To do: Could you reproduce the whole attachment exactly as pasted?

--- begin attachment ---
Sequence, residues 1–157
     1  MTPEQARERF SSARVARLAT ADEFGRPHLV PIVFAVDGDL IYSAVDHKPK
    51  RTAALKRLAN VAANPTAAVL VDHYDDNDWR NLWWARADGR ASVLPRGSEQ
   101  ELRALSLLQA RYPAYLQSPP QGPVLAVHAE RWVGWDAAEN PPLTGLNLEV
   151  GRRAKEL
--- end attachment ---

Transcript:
Sequence, residues 1–157
     1  MTPEQARERF SSARVARLAT ADEFGRPHLV PIVFAVDGDL IYSAVDHKPK
    51  RTAALKRLAN VAANPTAAVL VDHYDDNDWR NLWWARADGR ASVLPRGSEQ
   101  ELRALSLLQA RYPAYLQSPP QGPVLAVHAE RWVGWDAAEN PPLTGLNLEV
   151  GRRAKEL